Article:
In Acts 2:36, Peter concludes his sermon in this way: “Let all the house of Israel therefore know for certain that God has made him both Lord and Christ, this Jesus whom you crucified” (ESV cf. Acts 2:14–36). Let’s look at these two titles for Jesus.
First, Jesus is Lord. David identified Him as his Lord to come who the Father would grant to sit at His right hand (Ps 110:1; cf. Acts 2:34–35). The outpouring of the Spirit and the resultant speaking of tongues verified that Jesus had indeed sat down with His Father. The Father gave Him the promised Spirit, He poured the Spirit out, and thus He showed Himself to be Lord. Additionally, as He was given authority to pour out the Spirit (2:33–34; cf. 2:1–13), and as Joel identified as this outpouring as a function of God (Joel 2:28–29; cf. Acts 2:17–18), Jesus is therefore the Lord God who poured out the Spirit.
Second, Jesus is Christ. Christ means “anointed one,” and “God anointed Jesus of Nazareth with the Holy Spirit and with power” (Acts 10:38; cf. Luke 3:21–22). Such an anointing was reserved for the promised Descendant of David, the One who would eternally rule God’s people (Acts 2:30; cf. 2 Sam 7:12–16; Ps 89:3–4, 35–37). An eternal rule could only be accomplished by overcoming death, and for whatever the psalm meant to himself at the time, David “spoke of the resurrection of the Christ” (Acts 2:31) when he prophesied in Ps 16:8–11 that the Holy One, God’s anointed king, would neither be abandoned in death nor see corruption—He would be in the presence of God forever (Acts 2:25–28). Thus, God raised Jesus up from the dead, Jesus ascended into heaven (cf. Acts 1:9–11), and there Jesus is “exalted at the right hand of God” as promised in Ps 110:1. He is indeed the Spirit-anointed King who overcame death and will rule God’s people as Christ.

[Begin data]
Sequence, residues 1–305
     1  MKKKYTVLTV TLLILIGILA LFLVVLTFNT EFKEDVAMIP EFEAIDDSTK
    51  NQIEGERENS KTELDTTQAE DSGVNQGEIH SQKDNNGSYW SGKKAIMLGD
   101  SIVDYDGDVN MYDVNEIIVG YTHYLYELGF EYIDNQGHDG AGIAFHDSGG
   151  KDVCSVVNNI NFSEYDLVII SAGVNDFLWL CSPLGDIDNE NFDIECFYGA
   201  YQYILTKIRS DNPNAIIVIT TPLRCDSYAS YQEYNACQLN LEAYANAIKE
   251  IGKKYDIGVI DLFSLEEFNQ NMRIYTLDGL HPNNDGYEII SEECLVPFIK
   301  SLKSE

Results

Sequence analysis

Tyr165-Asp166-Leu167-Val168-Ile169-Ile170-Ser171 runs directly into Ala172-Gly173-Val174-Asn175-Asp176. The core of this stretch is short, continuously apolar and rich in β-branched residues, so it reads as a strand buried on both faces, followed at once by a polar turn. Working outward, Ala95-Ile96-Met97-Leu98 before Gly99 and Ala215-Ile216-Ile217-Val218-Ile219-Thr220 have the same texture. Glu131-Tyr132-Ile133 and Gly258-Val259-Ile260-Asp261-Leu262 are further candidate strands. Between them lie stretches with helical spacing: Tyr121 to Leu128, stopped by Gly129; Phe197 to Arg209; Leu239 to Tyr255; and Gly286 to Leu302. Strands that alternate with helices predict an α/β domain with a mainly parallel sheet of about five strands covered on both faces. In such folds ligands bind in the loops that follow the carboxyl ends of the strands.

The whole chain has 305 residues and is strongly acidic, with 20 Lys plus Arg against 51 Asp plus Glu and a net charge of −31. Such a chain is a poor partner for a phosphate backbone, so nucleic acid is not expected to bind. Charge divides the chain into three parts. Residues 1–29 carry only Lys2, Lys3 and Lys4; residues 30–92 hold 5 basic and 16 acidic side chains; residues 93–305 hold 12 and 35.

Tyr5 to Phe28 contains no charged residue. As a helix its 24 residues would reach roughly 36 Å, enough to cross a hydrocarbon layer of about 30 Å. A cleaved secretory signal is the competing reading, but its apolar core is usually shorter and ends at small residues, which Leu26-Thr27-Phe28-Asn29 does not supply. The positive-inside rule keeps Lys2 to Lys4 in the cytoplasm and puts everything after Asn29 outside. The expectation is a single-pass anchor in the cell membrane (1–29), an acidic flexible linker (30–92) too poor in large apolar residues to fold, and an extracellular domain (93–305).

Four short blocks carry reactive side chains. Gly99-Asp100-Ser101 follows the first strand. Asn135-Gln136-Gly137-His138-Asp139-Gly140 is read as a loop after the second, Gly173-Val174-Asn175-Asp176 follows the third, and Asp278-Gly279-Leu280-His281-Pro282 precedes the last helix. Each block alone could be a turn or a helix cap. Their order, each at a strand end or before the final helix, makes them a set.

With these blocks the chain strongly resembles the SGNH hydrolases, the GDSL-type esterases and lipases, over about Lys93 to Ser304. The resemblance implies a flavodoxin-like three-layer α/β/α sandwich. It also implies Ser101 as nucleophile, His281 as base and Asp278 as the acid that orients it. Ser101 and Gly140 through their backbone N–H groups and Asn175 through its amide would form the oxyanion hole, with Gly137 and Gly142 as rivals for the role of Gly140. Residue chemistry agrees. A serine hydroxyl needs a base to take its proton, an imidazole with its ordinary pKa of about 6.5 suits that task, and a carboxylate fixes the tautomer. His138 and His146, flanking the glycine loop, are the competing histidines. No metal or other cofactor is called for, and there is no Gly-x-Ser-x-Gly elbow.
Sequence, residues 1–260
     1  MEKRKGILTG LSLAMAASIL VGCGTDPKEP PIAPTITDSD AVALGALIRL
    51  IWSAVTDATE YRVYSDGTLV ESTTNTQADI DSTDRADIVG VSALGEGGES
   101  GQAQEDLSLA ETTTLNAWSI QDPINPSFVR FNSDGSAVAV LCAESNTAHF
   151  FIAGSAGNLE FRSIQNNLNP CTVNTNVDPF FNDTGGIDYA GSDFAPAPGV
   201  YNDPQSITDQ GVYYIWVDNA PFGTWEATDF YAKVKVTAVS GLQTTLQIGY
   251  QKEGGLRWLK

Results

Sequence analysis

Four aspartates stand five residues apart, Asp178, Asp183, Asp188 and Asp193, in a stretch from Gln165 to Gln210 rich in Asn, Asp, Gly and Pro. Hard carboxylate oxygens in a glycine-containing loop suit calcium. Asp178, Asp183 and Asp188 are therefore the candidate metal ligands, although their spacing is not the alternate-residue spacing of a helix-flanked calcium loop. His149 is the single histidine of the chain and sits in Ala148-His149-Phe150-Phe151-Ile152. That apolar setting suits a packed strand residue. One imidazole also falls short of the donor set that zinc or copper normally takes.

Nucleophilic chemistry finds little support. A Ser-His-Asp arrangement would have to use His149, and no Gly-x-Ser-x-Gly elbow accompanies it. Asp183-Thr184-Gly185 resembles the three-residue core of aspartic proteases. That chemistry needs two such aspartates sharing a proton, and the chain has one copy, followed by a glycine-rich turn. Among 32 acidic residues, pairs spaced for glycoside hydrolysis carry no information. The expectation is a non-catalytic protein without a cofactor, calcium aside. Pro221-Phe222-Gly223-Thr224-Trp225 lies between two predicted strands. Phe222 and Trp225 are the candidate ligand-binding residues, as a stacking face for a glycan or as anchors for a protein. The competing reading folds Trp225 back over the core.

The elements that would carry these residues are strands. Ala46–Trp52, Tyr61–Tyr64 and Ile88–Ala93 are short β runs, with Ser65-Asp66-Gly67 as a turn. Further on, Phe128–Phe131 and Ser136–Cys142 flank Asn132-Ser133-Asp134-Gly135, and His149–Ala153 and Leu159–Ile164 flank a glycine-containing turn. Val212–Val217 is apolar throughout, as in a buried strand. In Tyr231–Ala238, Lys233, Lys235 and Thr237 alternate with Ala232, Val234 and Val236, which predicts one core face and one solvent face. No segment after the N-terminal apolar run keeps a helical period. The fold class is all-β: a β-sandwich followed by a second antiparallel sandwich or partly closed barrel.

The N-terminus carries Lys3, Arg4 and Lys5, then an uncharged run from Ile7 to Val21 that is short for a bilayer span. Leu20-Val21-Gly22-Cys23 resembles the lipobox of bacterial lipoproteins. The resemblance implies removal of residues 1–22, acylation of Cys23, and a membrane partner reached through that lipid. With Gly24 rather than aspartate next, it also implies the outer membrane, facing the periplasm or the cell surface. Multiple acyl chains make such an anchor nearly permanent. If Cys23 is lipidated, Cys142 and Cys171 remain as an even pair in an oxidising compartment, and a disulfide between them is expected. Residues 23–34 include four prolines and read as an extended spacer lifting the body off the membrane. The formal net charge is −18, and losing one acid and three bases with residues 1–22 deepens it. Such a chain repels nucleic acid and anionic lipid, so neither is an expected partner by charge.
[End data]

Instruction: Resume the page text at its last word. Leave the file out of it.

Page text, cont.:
Given these two titles, it is no wonder that the Israelites listening to Peter “were cut to the heart” once they learned who “this Jesus” really was (Acts 2:37). They had crucified Him, the very Lord and Christ who was the Author of their salvation! What a dilemma to be in! Nonetheless, the mercy of God was on full display on the day of Pentecost—even these Israelites who had crucified Jesus could call on His name, repent, and find forgiveness in Him (Acts 2:38–39).
For us today, we may not have called for Jesus’ crucifixion with the crowds or jeered at Jesus at Golgotha, but we are just as deserving of punishment for our sins as they were then. May we be reminded of the great mercy it is that Jesus our Savior was crucified for us, and may we see Him for who He really is—Lord and Christ over all!